Federal Court Orders Dakota Access Pipeline To Shut Down And Be Drained A federal court on Monday ordered the indefinite shutdown of the Dakota Access Pipeline. The decision is a victory for Native Americans and other activists who sued over its environmental impact.
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Federal Court Orders Dakota Access Pipeline To Shut Down And Be Drained

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Federal Court Orders Dakota Access Pipeline To Shut Down And Be Drained

Federal Court Orders Dakota Access Pipeline To Shut Down And Be Drained

Federal Court Orders Dakota Access Pipeline To Shut Down And Be Drained

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  • <iframe src="https://www.npr.org/player/embed/887925736/887925737" width="100%" height="290" frameborder="0" scrolling="no" title="NPR embedded audio player">
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A federal court on Monday ordered the indefinite shutdown of the Dakota Access Pipeline. The decision is a victory for Native Americans and other activists who sued over its environmental impact.

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A federal judge today ordered the controversial Dakota Access Pipeline to be shut down and drained within 30 days. He says the government needs to do a more intense environmental impact statement on the project. The company behind the pipeline has filed a motion to stay the ruling. The pipeline was the focus of Native American-led protests that were met with police violence four years ago as NPR's Jeff Brady reports.

JEFF BRADY, BYLINE: Among the thousands of protesters who traveled to North Dakota in 2016 and 2017 was Dallas Goldtooth of the Indigenous Environmental Network.

DALLAS GOLDTOOTH: I was so excited hearing the news. I was literally shaking.

BRADY: Goldtooth was among those celebrating today.

GOLDTOOTH: This order vindicates the countless prayers and actions and the legal arguments of the Ochethi Sakowin people, the tribal nations who have been fighting this project for years now.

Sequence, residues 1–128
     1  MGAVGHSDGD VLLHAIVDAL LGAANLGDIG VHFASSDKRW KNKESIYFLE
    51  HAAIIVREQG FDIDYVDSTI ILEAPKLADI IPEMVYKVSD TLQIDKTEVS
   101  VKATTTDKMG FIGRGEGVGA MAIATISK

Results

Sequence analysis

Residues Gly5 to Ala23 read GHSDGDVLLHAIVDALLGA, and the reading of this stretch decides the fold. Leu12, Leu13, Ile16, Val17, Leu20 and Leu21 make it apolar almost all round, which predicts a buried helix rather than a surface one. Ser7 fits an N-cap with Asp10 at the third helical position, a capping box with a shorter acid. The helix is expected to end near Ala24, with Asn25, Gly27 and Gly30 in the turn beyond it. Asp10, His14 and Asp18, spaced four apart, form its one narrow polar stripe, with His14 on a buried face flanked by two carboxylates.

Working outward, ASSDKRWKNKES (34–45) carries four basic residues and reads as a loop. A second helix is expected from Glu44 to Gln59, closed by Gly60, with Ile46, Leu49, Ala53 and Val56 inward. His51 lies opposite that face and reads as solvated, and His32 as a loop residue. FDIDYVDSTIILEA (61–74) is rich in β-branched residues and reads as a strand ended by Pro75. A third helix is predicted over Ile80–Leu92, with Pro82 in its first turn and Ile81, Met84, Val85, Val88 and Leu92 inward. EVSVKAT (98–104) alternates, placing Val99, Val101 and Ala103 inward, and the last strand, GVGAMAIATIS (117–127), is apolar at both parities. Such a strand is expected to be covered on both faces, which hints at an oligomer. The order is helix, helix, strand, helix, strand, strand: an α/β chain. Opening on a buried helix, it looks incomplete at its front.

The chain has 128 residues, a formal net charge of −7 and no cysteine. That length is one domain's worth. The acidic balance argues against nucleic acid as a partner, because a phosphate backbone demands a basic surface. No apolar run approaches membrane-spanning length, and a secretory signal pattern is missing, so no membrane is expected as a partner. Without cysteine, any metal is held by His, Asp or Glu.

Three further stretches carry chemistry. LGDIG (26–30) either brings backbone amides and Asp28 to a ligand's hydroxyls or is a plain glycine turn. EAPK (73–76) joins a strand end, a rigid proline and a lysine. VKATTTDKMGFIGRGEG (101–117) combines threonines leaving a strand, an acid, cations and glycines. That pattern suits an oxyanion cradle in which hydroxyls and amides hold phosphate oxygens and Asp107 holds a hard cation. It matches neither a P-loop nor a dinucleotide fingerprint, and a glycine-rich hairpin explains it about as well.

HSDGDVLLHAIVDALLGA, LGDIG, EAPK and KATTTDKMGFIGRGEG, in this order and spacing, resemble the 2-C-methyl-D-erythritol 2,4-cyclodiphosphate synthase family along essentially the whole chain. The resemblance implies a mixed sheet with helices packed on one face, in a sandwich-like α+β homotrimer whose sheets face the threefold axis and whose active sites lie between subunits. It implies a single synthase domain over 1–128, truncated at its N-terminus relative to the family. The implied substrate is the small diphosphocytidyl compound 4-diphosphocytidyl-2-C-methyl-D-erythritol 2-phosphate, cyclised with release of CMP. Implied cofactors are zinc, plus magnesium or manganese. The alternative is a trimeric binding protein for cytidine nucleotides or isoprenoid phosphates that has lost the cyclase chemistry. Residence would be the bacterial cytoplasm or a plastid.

BRADY: The $3.8 billion 1,200-mile oil pipeline crosses the Missouri River near the northern edge of the Standing Rock Sioux Reservation. The tribe draws its drinking water downstream. Chairman Mike Faith called this an historic day for his tribe and said the pipeline never should have been built. U.S. District Judge James Boasberg had already ruled this spring that the U.S. Army Corps of Engineers violated the National Environmental Policy Act. He said the agency wrongly performed an environmental assessment when it should have conducted a more intense environmental impact statement. That likely will take more than a year to finish.

Boasberg said he's aware shutting down the pipeline in the meantime will be a big disruption, but he said the pipeline also risks significant harm each day oil flows through it. While pipeline opponents celebrated, the mood at the North Dakota Petroleum Council in Bismarck was somber.

RON NESS: I think everybody's indiscriminately (ph) pretty discouraged by this, really.

BRADY: Ron Ness is president of the oil industry group and says the Dakota Access has safely moved 570,000 barrels of oil a day for more than three years. The pipeline is especially important for oil companies now that are hard-hit by lower prices and less demand because of the coronavirus pandemic. Ness says drillers will have to find other ways to get their crude to buyers.

NESS: Now more of this oil's going to go back on trucks. More of this oil's going to go back on railcars going across the country. And it's a bad decision. It's a bad step forward.

BRADY: The pipeline operator Energy Transfer says it's not giving up. A spokesperson says the company believes the decision to shut down the Dakota Access Pipeline is illegal. This is the second win for pipeline opponents in as many days. On Sunday, Dominion Energy and Duke Energy announced they will give up on building the Atlantic Coast Natural Gas Pipeline. That project was controversial in part because it needed a permit to tunnel under the Appalachian Trail.

Jeff Brady, NPR News.

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